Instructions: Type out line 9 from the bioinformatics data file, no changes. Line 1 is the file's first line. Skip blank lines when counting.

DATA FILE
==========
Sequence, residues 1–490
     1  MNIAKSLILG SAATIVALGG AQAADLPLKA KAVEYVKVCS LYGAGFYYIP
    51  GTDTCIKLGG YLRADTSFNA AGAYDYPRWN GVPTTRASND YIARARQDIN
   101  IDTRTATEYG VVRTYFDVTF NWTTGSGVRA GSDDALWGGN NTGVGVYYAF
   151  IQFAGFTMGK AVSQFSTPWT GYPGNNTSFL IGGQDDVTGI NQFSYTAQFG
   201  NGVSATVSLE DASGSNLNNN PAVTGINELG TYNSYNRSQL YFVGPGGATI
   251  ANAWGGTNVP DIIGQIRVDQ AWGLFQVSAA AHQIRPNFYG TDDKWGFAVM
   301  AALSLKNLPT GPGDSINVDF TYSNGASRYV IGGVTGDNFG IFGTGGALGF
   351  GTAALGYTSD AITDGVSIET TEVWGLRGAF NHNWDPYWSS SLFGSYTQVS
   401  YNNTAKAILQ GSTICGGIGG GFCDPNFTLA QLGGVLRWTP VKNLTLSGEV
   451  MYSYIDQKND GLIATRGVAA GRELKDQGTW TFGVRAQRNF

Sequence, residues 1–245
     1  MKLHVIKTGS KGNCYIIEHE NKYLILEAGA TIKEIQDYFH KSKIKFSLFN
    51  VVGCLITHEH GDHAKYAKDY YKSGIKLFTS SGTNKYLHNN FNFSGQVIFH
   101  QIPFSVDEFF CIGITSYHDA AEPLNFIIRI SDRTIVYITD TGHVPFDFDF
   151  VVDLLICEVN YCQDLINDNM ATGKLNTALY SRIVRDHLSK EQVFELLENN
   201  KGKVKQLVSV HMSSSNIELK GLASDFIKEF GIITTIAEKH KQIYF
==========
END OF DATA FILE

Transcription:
   351  GTAALGYTSD AITDGVSIET TEVWGLRGAF NHNWDPYWSS SLFGSYTQVS